@MikeGruhler: I might side with you on the reluctance to get vaccinated, but not on the outlook about this virus. Going through the symptoms can be fine, but it can also be not fine at all and cause very bad and lasting effects. And either way, even if you don't have symptoms right now or have very light symptoms, you can get them at any point in the future because the virus stays with you forever. No, this virus is not to be taken lightly at all, it's really pernicious.
  • 4 1
 @MikeGruhler: We don't record flu deaths...estimates...huh? Got some credible links for that?
  • 2 1
 @MikeGruhler: Couldn't find any data for that claim either. Help me out and post some?
  • 5 0
 @DavidGuerra: Pretty robust data now: 100's of millions of people, many months, international, etc. Just wondering what bar you've set for yourself?
  • 1 4
 @Chuckolicious: The pool is large but the long term effects remain unknown. Only time is missing.
  • 3 0
 @DavidGuerra: Like I asked, what is the bar you have set for yourself?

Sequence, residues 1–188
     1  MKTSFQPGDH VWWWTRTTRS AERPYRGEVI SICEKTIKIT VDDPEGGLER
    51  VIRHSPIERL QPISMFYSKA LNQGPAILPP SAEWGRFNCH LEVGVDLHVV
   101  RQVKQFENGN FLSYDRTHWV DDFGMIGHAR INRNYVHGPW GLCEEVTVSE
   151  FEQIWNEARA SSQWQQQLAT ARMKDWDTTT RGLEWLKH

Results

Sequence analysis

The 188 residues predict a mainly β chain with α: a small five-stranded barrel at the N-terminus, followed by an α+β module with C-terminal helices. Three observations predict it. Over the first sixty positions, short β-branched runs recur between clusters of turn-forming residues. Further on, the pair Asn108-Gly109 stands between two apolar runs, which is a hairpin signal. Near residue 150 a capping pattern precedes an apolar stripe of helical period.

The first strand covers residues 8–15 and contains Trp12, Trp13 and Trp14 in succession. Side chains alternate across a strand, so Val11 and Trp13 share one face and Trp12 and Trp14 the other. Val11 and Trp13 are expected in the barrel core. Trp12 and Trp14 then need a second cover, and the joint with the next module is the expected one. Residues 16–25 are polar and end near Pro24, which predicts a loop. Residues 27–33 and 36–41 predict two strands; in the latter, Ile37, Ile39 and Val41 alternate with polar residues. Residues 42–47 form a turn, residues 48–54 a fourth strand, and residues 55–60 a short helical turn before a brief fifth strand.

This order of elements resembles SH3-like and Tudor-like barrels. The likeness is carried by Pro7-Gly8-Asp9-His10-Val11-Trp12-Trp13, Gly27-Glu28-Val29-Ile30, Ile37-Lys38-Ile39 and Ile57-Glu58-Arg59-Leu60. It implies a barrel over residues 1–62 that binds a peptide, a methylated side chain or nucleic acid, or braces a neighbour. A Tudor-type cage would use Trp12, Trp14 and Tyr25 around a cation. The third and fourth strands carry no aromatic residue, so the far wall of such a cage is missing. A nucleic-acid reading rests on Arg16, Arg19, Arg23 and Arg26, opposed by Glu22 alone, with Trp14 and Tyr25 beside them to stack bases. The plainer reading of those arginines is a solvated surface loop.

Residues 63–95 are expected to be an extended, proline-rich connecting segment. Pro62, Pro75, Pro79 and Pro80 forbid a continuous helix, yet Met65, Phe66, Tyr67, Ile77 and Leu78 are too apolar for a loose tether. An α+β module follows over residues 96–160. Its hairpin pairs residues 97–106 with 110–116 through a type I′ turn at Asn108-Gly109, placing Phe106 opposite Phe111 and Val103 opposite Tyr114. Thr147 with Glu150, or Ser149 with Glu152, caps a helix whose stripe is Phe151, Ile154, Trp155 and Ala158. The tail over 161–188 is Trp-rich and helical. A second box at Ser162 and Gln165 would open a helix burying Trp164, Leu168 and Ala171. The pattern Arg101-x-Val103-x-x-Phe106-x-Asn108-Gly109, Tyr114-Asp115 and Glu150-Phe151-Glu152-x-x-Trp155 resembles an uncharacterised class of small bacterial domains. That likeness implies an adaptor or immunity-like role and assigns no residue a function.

• 1 5
flag DavidGuerra (Mar 19, 2021 at 8:55) (Below Threshold)
 @Chuckolicious: I don't know, don't know if I'll get it, why are you so interested? I just hope I'm not forced to, to travel for instance.
  • 1 3
 @Chuckolicious: One thing is for sure, I will follow the same precautions whether I get it or not, because getting it doesn't really protect me 100%. And everyone should be aware of this. This is also a reason why excepting from quarantine those who get it upon entering a country with such restrictions is absolutely nonsensical. You either quarantine or you don't, getting off the hook those who only have a higher probability of not having the virus makes no sense. It's a loser's game.
  • 2 1
 @Chuckolicious: And just to add, requiring testing to enter a country or any other restricted space is good. Requiring a quarantine is a special assurance measure, but letting go of this assurance for a group of people who might well be carrying the virus is really nonsensical.